'Noisy, restless and incoherent': puerperal insanity at Dundee Lunatic Asylum

Morag Allan Campbell

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3 Citations (Scopus)


Puerperal insanity has been described as a nineteenth-century diagnosis, entrenched in contemporary expectations of proper womanly behaviour. Drawing on detailed study of establishment registers and patient case notes, this paper examines the puerperal insanity diagnosis at Dundee Lunatic Asylum between 1820 and 1860. In particular, the study aims to consider whether the class or social status of the patients had a bearing on how their conditions were perceived and rationalized, and how far the puerperal insanity diagnosis, coloured by the values assigned to it by the medical officers, may have been reserved for some women and not for others. This examination of the diagnosis in a Scottish community, suggesting a contrast in the way that middle-class and working-class women were diagnosed at Dundee, engages with and expands on work on puerperal insanity elsewhere.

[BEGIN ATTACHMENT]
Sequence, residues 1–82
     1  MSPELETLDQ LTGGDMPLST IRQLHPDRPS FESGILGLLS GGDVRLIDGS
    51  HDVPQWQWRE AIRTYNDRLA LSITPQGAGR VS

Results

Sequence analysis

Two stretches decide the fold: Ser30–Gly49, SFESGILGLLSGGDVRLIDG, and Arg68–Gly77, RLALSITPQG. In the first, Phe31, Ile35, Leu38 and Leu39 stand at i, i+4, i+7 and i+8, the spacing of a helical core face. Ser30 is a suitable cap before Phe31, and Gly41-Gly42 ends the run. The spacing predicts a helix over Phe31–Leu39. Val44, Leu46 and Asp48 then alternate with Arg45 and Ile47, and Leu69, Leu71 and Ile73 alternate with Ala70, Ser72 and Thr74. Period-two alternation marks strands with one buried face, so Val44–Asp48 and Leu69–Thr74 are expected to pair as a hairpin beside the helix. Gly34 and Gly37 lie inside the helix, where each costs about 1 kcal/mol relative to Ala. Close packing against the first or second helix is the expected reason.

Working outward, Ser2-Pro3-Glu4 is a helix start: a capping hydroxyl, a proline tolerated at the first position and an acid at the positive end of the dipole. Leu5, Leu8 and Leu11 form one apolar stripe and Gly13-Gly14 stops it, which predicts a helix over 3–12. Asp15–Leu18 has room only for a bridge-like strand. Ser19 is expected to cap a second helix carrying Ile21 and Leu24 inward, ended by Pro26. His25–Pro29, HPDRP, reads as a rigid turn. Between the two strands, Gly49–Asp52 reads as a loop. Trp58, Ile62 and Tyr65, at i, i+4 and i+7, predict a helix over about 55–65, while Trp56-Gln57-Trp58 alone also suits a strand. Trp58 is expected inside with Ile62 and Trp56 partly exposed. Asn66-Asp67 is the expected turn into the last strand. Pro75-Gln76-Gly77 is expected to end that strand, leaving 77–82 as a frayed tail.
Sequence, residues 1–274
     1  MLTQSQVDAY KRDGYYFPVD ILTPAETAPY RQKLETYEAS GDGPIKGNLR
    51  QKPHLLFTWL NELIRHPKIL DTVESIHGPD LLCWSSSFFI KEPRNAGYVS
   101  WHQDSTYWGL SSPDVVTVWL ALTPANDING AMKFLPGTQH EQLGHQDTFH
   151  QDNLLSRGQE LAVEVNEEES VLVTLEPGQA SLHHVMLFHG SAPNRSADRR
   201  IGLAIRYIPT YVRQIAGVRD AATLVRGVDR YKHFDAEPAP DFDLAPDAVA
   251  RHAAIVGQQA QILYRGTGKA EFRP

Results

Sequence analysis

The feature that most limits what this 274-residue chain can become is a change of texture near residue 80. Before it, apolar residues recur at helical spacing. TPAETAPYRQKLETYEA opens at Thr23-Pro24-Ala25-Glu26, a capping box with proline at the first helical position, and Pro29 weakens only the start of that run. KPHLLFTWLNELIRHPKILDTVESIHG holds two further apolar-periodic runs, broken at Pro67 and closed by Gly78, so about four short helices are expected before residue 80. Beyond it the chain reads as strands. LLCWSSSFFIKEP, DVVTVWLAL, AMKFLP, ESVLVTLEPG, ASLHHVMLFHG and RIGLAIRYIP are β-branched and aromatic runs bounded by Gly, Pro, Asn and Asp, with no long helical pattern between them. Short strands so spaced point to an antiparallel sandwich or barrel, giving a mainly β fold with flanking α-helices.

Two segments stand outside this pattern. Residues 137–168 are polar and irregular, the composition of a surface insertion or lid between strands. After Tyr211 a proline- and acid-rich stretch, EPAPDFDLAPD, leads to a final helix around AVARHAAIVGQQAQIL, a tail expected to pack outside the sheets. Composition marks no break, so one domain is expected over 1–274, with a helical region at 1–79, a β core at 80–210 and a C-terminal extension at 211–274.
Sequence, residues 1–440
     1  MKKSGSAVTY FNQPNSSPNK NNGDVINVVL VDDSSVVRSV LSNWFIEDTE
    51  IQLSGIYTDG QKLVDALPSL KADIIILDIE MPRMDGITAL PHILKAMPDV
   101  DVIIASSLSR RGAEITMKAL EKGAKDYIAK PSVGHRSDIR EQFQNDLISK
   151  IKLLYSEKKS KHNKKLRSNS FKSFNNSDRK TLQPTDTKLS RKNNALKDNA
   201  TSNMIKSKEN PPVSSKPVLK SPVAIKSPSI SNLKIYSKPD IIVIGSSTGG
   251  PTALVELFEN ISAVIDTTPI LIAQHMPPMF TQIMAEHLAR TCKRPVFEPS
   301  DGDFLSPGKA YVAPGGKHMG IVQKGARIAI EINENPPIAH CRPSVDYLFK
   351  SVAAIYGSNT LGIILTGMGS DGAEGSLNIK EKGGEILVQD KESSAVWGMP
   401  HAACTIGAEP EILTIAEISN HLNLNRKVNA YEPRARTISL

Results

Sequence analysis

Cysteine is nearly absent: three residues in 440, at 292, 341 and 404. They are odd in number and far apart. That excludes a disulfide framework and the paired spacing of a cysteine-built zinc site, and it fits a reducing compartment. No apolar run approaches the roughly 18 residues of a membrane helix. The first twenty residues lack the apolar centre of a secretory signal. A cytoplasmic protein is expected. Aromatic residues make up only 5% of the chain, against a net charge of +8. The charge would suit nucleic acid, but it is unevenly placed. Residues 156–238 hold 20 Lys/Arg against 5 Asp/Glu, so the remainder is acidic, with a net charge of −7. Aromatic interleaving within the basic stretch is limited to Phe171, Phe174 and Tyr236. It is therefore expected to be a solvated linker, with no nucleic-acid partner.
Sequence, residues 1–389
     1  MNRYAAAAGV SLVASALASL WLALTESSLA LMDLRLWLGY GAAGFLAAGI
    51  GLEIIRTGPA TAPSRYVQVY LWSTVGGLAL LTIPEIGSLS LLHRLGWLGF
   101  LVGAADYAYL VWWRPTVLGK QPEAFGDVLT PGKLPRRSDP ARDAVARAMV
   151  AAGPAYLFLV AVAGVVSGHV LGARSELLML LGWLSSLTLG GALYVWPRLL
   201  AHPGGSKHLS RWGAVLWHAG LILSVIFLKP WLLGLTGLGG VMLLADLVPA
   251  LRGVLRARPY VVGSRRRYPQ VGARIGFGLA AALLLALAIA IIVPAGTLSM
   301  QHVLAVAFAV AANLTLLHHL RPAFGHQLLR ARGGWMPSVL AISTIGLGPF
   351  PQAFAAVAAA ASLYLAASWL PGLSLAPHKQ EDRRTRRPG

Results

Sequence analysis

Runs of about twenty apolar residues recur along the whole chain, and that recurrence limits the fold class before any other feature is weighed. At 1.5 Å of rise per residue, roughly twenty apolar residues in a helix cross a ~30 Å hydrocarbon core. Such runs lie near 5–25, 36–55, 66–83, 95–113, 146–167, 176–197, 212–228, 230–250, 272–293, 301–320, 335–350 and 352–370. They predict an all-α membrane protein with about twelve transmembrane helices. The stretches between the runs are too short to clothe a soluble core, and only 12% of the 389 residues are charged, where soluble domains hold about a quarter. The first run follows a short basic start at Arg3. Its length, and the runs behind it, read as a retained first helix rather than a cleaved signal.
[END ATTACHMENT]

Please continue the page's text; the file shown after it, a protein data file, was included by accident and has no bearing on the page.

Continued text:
Original languageEnglish
Pages (from-to)44-57
Number of pages14
JournalHistory of Psychiatry
Issue number1
Early online date3 Oct 2016
Publication statusPublished - Mar 2017


  • Case notes
  • Lunatic asylums
  • Nineteenth century
  • Puerperal insanity
  • Scotland
  • Women


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